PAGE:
Fri, 22 Nov 2002 17:45:41 GMT
> From: [log in to unmask]
> i had a small doubt regarding the size occupied by the variable of a
> boolean type.
> x : boolean;
> put(boolean'size); -- it is giving 1 bit
> put(x'size); -- it is returning 8 bits
> why is it so?
'Size is the minimum required, clearly a Boolean will fit in 1 bit if
it's packed in. However, if the compiler can generate more efficient
code by putting actual instances in a byte (or more) it can do so.
X'Size is the size of the actual object, 8 bits -> 1 byte.
If X'Size was 1, what would the compiler do with the other 7 bits in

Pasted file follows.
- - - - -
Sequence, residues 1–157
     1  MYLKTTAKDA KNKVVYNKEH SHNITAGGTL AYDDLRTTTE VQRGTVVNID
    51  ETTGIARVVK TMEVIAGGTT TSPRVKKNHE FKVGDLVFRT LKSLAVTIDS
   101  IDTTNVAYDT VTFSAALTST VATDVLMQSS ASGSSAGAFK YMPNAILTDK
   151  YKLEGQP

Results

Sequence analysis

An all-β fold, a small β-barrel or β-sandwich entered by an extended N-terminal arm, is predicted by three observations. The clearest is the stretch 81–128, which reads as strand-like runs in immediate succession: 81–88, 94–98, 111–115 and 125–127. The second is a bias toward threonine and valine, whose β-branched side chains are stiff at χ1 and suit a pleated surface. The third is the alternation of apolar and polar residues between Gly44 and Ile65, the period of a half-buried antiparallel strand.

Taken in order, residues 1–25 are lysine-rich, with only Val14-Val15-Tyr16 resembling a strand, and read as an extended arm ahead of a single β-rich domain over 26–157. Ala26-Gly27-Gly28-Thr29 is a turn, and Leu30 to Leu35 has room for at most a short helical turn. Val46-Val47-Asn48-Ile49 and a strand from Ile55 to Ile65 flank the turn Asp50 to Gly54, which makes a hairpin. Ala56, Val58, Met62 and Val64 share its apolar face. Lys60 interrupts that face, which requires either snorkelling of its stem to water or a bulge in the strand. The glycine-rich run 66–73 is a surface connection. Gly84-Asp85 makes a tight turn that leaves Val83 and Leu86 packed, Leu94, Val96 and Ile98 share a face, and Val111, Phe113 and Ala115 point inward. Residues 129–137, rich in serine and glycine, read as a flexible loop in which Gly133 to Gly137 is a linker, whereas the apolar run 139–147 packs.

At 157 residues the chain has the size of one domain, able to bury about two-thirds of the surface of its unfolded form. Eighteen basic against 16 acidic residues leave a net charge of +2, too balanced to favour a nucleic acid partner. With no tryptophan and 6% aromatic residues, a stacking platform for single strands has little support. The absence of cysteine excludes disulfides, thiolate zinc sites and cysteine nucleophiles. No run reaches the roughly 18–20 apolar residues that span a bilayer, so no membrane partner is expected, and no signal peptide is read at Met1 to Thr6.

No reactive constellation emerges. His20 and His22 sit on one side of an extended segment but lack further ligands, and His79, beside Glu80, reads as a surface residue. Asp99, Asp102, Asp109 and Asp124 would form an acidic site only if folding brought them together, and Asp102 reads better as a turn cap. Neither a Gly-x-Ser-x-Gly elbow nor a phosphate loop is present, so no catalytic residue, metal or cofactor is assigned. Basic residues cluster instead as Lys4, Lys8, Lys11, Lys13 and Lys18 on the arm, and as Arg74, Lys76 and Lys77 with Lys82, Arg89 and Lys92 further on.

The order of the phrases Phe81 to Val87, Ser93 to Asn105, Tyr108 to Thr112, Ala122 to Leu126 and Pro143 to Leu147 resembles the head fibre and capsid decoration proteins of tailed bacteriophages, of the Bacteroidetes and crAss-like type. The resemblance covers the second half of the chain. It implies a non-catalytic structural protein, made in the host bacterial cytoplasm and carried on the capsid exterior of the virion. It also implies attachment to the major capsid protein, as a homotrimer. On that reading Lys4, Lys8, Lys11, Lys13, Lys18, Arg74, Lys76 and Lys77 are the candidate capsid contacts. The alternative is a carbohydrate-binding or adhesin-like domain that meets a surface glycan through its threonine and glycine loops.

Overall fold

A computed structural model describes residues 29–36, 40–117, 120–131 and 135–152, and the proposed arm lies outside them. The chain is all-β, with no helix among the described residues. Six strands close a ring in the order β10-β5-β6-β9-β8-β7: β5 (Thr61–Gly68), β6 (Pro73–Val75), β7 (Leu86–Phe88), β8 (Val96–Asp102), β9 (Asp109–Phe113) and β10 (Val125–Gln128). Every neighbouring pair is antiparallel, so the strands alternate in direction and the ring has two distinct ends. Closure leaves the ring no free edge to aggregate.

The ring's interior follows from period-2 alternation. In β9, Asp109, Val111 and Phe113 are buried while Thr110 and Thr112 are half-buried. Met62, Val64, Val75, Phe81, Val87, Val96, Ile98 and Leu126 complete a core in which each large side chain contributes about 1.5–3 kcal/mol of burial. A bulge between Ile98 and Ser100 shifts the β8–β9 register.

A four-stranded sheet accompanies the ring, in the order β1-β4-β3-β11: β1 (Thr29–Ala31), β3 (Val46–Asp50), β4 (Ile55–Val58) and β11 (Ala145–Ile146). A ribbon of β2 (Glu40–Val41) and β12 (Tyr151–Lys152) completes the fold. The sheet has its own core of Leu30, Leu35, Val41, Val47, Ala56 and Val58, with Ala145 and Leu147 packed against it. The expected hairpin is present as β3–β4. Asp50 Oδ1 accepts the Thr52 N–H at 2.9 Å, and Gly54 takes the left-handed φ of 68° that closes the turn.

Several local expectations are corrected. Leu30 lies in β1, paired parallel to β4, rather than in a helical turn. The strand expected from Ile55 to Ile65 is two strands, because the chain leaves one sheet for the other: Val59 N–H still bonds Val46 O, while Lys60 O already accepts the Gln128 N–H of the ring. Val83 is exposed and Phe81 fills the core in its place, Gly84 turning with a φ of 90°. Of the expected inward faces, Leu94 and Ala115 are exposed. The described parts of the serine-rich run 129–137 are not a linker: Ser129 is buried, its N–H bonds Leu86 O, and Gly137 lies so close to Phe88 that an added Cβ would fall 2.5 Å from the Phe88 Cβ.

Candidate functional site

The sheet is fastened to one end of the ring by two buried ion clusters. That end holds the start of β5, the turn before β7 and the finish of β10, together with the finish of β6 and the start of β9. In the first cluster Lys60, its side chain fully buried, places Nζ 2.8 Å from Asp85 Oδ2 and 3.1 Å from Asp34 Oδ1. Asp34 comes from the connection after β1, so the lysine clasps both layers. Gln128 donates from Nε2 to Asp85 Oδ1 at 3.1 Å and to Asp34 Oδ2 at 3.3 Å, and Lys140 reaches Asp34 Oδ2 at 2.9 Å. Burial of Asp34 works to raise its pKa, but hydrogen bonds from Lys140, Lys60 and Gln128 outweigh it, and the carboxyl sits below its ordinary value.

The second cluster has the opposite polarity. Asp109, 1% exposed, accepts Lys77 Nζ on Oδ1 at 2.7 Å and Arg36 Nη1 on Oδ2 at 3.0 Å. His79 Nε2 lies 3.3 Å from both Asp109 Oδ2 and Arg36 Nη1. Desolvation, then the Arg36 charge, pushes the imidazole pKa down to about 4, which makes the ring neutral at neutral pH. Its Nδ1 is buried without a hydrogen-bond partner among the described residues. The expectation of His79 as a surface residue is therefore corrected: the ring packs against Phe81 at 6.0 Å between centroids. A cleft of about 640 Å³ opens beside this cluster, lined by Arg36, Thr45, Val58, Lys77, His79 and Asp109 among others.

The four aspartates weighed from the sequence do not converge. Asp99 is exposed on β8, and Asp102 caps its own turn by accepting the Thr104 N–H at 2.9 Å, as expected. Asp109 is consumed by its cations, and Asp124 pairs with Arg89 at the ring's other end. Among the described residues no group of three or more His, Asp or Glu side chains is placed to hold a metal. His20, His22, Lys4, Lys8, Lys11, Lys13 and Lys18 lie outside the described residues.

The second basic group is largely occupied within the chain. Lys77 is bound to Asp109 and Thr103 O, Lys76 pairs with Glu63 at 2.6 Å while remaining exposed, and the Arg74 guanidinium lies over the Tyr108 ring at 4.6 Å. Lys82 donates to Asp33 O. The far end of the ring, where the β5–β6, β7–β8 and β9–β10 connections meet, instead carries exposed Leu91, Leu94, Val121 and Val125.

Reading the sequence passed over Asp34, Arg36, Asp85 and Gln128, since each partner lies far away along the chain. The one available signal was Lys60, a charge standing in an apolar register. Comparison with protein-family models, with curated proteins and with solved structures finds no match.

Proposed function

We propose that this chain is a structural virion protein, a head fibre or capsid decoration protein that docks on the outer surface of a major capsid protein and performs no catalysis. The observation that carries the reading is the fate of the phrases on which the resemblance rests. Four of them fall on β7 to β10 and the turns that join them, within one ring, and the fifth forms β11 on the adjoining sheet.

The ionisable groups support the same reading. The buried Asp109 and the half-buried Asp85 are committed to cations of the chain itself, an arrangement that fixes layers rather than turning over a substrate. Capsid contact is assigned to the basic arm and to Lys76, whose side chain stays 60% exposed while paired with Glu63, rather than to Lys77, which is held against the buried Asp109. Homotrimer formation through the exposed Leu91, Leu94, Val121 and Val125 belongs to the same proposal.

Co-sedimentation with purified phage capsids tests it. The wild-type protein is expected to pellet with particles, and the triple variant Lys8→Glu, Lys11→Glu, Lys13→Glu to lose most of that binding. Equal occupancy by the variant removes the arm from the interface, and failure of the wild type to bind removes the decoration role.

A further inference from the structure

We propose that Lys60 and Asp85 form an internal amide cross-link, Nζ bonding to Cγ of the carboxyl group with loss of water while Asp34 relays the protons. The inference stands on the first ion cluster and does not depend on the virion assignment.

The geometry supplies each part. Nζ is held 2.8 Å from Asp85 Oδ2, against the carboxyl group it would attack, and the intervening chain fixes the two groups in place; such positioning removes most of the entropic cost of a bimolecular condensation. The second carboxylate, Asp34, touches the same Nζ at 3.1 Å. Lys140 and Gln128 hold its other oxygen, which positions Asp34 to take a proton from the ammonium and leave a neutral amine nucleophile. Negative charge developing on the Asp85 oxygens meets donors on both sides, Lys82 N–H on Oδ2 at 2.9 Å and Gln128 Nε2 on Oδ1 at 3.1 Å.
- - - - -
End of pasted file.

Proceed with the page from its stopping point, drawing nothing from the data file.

the byte, given it probably couldn't use them for anything else?
You might look in the ALRM for 'Max_Size_In_Storage_Elements or in the
GNAT documentation for 'Object_Size.
> actuallly i want to type cast a array of boolean type into an integer
> type arr_type is array(integer range 1..2) of boolean;
> function uncheck is new unchecked_conversion(arr_type,integer);
> a(1) := TRUE
> a(2) := TRUE
> when converted, the value i am getting is 257 instead of 3
I guess you are running on an Intel machine? (probably not a VAX or an
Alpha). You have 2 array elements each of one byte, each with value 1
(for True), 256*1 + 1 -> 257.
Didn't your compiler complain about the other 2 bytes? (most compilers use
4 byte Integers nowadays).
Check out pragma Pack and the record representation attributes (ALRM
I do wonder just what you're trying to achieve with this code, sounds